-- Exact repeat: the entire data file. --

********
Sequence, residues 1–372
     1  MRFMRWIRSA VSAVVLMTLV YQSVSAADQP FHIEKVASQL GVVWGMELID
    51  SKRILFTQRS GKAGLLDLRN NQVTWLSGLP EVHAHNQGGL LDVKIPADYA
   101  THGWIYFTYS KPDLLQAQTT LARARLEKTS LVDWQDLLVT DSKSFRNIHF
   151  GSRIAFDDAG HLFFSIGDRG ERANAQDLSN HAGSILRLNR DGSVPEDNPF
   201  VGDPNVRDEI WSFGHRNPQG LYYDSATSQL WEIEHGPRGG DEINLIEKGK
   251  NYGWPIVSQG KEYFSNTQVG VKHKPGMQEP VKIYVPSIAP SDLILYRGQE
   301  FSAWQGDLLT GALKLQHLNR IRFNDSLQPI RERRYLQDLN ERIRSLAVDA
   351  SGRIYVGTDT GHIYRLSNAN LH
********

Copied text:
Sequence, residues 1–372
     1  MRFMRWIRSA VSAVVLMTLV YQSVSAADQP FHIEKVASQL GVVWGMELID
    51  SKRILFTQRS GKAGLLDLRN NQVTWLSGLP EVHAHNQGGL LDVKIPADYA
   101  THGWIYFTYS KPDLLQAQTT LARARLEKTS LVDWQDLLVT DSKSFRNIHF
   151  GSRIAFDDAG HLFFSIGDRG ERANAQDLSN HAGSILRLNR DGSVPEDNPF
   201  VGDPNVRDEI WSFGHRNPQG LYYDSATSQL WEIEHGPRGG DEINLIEKGK
   251  NYGWPIVSQG KEYFSNTQVG VKHKPGMQEP VKIYVPSIAP SDLILYRGQE
   301  FSAWQGDLLT GALKLQHLNR IRFNDSLQPI RERRYLQDLN ERIRSLAVDA
   351  SGRIYVGTDT GHIYRLSNAN LH